Commentary No : 2022 / 29
4 min read

German Chancellor Olaf Scholz gave a speech at Charles University in Prague last week (29 August 2022). During his speech, Scholz touched upon the European air defense system, the European Union’s (EU) enlargement, the importance of Germany shipping arms to Ukraine in the Ukraine-Russia war, and the need for the EU and European Commission to re-evaluate their regulations concerning their decision making.

The most striking part of Chancellor Scholz’s speech was the part concerning the EU’s enlargement. During his speech, Scholz emphasized the need for the EU to expand towards the East. In this part, Scholz stated that six “Western Balkan”[*] countries, together with Ukraine, Moldova, and Georgia, needed to join the Union and reiterated his support for the EU’s enlargement. Three countries are prominent in this case: Ukraine, Moldova, and Georgia. These three countries have not yet taken any steps regarding EU membership. Nonetheless, Scholz has included these three countries into this perspective. In contrast, Turkey, which was granted candidate status at the Helsinki Summit of 10-11 December 1999 and began its full membership negotiations on 3 October 2005, was not included in his speech. This case signifies that Germany, and therefore the EU, certainly does not view Turkey’s possible EU membership in a positive manner. Moreover, Scholz expressed that the mentioned countries belong to the EU’s and Europe’s free, independent, and democratic part.[1] Scholz highlighted that Croatia, Romania, and Bulgaria should join the EU’s non-passport Schengen region.

Chancellor Scholz’s exclusionary attitude towards Turkey during his speech is nothing new. Attempts to isolate Turkey from the Balkans and the lack of statements concerning Turkey’s EU membership have been drawing attention since the term “Western Balkans” began to be used. The “Western Balkans” term was chosen to emphasize that Turkey is not perceived as a Balkan country, thus not considered as a part of the Union. The said term, by itself, is an inaccurate one. Turkey is part of the Balkans and belongs to the Balkan geography. “Western Balkans”, which is another way of expressing the attempts to prevent Turkey’s EU membership, began being used often by the EU officials, especially following Greece’s EU membership (1981) and the accession of Bulgaria and Romania. As AVİM, we have stated in our previous articles that we are of the opinion that the “Western Balkans” term is used to estrange Turkey from Europe, and even the Balkans.[2] After Greece joined the EU in 1981, the rest of the Balkan countries of Slovenia, Croatia, former Yugoslavia, Albania, Romania and Bulgaria constitute the “Western Balkans”; while the remaining part, which is Turkey, is the "Eastern Balkans".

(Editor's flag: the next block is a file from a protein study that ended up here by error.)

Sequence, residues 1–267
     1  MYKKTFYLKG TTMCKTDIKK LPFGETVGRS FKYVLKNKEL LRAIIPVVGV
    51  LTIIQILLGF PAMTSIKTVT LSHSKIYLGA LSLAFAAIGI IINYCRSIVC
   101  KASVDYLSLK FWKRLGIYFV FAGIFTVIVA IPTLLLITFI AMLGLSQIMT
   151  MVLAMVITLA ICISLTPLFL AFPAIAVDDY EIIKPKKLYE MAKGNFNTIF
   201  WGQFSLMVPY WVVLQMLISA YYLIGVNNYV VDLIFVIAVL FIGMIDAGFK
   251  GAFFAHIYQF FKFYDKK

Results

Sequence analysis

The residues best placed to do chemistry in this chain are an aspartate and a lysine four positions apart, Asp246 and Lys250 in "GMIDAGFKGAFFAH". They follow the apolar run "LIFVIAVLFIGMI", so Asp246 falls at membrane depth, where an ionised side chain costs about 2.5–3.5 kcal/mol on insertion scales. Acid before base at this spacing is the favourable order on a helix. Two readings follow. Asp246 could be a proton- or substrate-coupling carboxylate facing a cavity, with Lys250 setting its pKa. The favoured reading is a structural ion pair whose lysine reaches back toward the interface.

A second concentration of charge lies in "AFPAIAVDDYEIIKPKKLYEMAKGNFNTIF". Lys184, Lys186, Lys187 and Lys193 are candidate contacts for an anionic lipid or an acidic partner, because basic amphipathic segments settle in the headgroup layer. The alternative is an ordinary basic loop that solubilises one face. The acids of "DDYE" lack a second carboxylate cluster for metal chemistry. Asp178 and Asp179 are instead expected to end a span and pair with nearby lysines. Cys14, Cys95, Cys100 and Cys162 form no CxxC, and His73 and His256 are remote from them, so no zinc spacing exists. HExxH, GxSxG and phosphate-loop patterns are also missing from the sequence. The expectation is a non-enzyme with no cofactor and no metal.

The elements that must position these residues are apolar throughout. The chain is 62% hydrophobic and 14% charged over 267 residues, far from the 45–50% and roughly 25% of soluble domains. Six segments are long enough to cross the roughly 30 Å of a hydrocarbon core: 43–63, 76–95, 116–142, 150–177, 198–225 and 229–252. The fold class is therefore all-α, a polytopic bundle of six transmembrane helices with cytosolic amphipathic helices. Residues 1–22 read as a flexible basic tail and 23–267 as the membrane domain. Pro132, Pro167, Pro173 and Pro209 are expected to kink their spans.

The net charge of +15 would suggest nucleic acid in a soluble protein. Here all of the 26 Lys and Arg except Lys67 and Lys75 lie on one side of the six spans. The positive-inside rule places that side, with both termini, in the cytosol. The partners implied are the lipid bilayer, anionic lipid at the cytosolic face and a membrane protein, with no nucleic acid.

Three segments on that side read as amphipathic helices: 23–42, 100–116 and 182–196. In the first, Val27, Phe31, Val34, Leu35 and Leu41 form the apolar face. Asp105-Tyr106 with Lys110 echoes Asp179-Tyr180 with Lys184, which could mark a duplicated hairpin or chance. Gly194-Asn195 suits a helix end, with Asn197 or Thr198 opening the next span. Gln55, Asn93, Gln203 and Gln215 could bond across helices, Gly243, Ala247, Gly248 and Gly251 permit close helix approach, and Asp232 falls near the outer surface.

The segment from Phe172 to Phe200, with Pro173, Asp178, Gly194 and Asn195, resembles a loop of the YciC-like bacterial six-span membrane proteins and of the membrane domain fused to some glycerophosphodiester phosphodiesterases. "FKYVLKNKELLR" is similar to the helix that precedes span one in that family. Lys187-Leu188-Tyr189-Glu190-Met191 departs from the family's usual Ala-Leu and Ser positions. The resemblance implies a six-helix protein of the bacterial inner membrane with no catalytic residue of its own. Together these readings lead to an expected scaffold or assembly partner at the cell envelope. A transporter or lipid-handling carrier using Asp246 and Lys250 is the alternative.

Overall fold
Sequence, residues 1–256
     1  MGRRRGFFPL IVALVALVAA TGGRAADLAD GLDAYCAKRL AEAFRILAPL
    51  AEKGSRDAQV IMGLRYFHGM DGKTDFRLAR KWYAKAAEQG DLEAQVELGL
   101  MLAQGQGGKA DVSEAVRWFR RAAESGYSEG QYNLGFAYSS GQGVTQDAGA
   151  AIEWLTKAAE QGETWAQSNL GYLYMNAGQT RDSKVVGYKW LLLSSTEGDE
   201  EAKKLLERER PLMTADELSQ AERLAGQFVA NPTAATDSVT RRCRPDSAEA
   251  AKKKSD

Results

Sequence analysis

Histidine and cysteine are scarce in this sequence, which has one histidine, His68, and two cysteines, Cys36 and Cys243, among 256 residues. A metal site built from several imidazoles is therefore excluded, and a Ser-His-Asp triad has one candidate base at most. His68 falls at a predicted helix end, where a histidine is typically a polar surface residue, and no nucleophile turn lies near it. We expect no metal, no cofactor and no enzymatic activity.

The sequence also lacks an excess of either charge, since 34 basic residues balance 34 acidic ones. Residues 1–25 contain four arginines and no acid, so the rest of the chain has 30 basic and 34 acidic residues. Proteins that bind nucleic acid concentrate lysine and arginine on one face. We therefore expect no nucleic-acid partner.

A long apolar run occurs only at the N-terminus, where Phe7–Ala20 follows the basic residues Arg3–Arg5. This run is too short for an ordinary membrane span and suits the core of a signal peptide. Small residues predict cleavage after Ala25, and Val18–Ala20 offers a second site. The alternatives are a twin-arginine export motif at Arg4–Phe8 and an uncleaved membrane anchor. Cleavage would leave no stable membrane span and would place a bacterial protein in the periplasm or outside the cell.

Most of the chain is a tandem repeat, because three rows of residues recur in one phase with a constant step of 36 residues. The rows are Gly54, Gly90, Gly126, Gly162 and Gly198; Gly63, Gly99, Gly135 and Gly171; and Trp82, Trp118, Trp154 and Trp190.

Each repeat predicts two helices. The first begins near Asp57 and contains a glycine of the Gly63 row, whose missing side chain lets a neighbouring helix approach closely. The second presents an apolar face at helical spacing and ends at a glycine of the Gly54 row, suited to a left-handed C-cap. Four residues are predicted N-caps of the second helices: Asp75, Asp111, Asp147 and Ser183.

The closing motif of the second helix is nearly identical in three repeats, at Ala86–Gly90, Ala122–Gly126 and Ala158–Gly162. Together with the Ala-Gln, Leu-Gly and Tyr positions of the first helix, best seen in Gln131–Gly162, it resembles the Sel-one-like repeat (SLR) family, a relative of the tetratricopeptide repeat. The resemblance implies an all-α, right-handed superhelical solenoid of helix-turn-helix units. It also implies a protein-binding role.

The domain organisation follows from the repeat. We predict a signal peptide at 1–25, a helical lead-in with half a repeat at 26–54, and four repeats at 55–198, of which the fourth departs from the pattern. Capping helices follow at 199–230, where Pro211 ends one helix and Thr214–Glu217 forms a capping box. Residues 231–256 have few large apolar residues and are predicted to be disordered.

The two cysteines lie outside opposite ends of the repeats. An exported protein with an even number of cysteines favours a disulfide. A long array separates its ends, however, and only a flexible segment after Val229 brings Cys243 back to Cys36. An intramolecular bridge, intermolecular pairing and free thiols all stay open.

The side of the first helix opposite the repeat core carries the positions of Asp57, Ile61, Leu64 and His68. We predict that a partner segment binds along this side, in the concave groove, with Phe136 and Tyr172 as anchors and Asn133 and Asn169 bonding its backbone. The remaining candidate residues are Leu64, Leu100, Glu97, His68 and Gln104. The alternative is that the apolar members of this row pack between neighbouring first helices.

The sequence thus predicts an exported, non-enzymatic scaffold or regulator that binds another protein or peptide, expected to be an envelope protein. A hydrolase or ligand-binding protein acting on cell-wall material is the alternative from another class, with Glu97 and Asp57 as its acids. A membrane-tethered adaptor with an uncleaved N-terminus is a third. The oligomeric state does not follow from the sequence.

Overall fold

German Chancellor Scholz underlined that the Union’s and Commission’s decision-making mechanism needs to change in order for the EU enlargement to happen. Thus, it was aimed for the accession processes of the candidate countries (besides Turkey) to be expedited.

Approximately one year ago, on 26 September 22021, German Chancellor Olaf Scholz stated that his party is concerned with the path the Turkish government is taking regarding its domestic and foreign policy. In the speech, it was underlined that Turkey needed to abide by the principles of the rule of law. The importance of urgently improving EU-Turkey dialogue was also noted.[3] However, no clear statement was used concerning Turkey’s membership. We now observe that Chancellor Scholz has joined the European political party leaders who made statements last year, prior to their national elections, against Turkey’s EU membership.

How can Turkey be expected to trust and cooperate with the EU in the face of such an approach that is far from being transparent and sincere, an approach in which Turkey is excluded but nevertheless needed? Turkey has made the maximum effort to end the ongoing Ukraine-Russia war and assumed a critical position as a mediator. Considering this war, which Scholz also emphasized in his speech, the most important issue that needs to be questioned is what purpose the exclusion of Turkey by Germany and the EU serves.


[*] AVİM considers the term "Western Balkans" to be a politically motivated separatist terminology and insists on the use of the geographical and historical identification "Balkans" regarding the region.


[1] Guy Chazan, “Olaf Scholz Outlines EU Vision with Call for European Air Defence Scheme,” Financial Times, August 29, 2022,

[2] Hazel Çağan Elbir, “Thoughts On Turkey – EU Relations After Brexit,”, January 2, 2020,

[3] Ronald Meinardus, “’Almanya’nın Seçimi’: Siyasi Partiler ve Gelecekteki Türkiye Politikaları,” EuroPolitika, September-October 2021, p. 10

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